It's no secret around these parts that we find HTC's advertising to be a little lackluster. Which is a shame because its hardware is not. For what it's worth, the company's CEO agrees and plans to ditch the "quietly brilliant" slogan for the One and instead shoot for the themes of "bold," "authentic," and "playful." Which, by a strange coincidence, also happen to be Peter Chou's list of the top three traits he's looking for in a woman on his OK Cupid profile*.
As we get closer and closer to Google I/O, speculation inevitably ramps up about what Mountain View will be unveiling this year to set the Android world on fire. The most likely plans involve boosting Play Store features and availability, given the recent push not only to expand into new countries, but to frame the Nexus line as a great content consumption platform. If Fortune is right, then Google may have a huge axe to swing in that battle with not one, but two different subscription music services coming soon.
When Android first came out, there were a lot of concerns about an open source OS. One of the biggest ones was, what if a company takes Android, strips everything Google out of it, and builds an entirely new platform on top of it? Well, Amazon seems dead set on making sure we know what that's like. The company has already built its own Appstore, content delivery services, and closed hardware on top of Google's baby.
As if you needed another reason to hate the very concept of Airpush ads in Android apps, there is now a lawsuit alleging that these ads have been used to bilk consumers out of some real cash. The class-action complaint, filed in U.S. District Court of Colorado takes aim at developer GoLive Mobile and the Airpush ad network. If the claims are accurate, there has been some seriously seedy stuff going on.
The nation's smallest national carrier has to score points with customers somewhere, and providing free visual voicemail has been one of those places. Some of the big players charge Android users a monthly fee for this feature. Well, T-Mobile has to defray the monstrously large costs of making your voicemail easier to access somehow, right? In the newest version of T-Mobile's official visual voicemail app, it has chosen to include banner ads.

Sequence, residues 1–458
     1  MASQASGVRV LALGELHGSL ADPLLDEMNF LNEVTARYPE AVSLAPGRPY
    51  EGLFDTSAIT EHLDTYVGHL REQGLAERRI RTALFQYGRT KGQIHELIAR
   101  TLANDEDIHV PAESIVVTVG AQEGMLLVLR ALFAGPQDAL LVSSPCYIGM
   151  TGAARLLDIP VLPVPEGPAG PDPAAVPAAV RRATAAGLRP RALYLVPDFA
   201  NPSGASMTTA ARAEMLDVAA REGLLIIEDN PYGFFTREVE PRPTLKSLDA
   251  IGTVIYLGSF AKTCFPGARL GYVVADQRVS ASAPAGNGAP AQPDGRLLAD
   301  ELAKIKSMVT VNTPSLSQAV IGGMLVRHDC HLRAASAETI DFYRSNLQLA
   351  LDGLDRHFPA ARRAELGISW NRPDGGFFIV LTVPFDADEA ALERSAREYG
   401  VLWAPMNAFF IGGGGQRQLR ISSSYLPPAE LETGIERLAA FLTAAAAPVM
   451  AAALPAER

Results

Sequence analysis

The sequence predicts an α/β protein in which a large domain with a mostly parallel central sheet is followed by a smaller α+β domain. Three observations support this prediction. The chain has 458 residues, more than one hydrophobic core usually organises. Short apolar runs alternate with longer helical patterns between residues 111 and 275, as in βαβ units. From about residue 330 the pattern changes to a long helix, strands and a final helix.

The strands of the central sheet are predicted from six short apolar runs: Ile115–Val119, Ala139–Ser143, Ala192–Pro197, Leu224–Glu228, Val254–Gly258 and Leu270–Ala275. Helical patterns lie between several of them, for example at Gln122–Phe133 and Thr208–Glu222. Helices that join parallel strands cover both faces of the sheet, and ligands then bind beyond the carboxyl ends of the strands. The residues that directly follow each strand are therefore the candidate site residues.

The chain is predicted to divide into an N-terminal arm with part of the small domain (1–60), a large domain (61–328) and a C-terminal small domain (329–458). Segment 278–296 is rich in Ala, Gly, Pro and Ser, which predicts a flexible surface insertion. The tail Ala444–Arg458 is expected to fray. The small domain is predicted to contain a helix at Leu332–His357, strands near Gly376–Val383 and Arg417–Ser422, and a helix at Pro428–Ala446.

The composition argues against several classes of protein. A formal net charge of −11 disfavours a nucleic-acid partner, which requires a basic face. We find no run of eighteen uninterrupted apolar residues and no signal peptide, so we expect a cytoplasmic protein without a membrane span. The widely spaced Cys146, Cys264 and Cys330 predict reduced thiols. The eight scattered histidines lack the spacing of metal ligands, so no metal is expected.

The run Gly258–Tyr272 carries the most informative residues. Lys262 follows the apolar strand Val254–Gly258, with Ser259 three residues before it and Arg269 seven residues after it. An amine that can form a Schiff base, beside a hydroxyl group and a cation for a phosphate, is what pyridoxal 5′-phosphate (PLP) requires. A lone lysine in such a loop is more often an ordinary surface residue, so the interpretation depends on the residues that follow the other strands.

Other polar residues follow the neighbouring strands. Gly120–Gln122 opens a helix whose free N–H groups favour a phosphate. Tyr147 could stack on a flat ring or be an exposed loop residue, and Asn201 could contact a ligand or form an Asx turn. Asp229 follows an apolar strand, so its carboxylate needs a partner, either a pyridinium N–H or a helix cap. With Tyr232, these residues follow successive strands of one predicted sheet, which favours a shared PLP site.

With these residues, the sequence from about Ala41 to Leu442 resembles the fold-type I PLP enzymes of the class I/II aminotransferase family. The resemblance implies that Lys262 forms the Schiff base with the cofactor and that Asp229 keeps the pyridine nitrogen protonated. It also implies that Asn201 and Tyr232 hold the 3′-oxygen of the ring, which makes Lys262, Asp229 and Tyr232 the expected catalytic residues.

When the new Kindle Fire and HD models were announced three days ago, the tech world was abuzz with the fact that Amazon has laced them with "Special Offers" in order to keep the cost down. Immediately, one question came to everyone's mind: will I be able to remove the ads?
Initially, there was some confusion on the answer to that questions. We actually heard reports from both sides of the fence - some said "yes, the ads will be removable," while others stated that they were there to stay.
In a post to Google's Mobile Ads blog today, YouTube Group Project Manager Phil Farhi announced that those pre-video, skippable advertisements you've seen on YouTube (they're officially called TrueView in-stream video ads) are quick on their way to mobile devices.
Fahri cites greater ROI as the primary benefit of multi-platform ad exposure through YouTube and its associated mobile experiences, also noting that "today, most of us watch video on our smartphones and tablets, as well as our PCs." This consumption-oriented behavior pattern's spread across multiple platforms effectively opens the door for what Fahri calls "multi-screen campaigns," which not only expose viewers to an advertiser's campaign across multiple devices, but also – and perhaps more importantly – improves brand recall.
In an e-mail sent out to Play Store developers earlier, Google announced several updates to its developer program policy. The e-mail mentioned changes in policy including clarification to payment policy regarding subscription billing, the restriction of the "use of names or icons confusingly similar to existing system apps" (a statement that brings back memories of Facebook's "Messenger" gaffe), clarification regarding dangerous products, and practices that violate the Play Store's spam policy, all in addition to a stringent new Ad Policy.
Lightopus is a top-down arcade-style game that prides itself on being very pretty. In this game, you play as the last adult Lightopus, and it's up to you to save the young of your species from the monsters of the Abyss. You do this by zipping around the screen and dodging enemies as you collect your offspring, known as bulbies.
The description isn't lying when it says the game is system-intensive.
Airpush and similar notification spammers, your days are numbered. The people have spoken - everyone universally hates these types of ads, and Google actually listened to our numerous complaints.
In Jelly Bean, you can not only figure out exactly which app caused a notification by long-pressing it and selecting App Info - you can actually disable notifications on a per-app basis altogether. That, my friends, is not just a slap in Airpush's face - it's a swift kick in its private parts.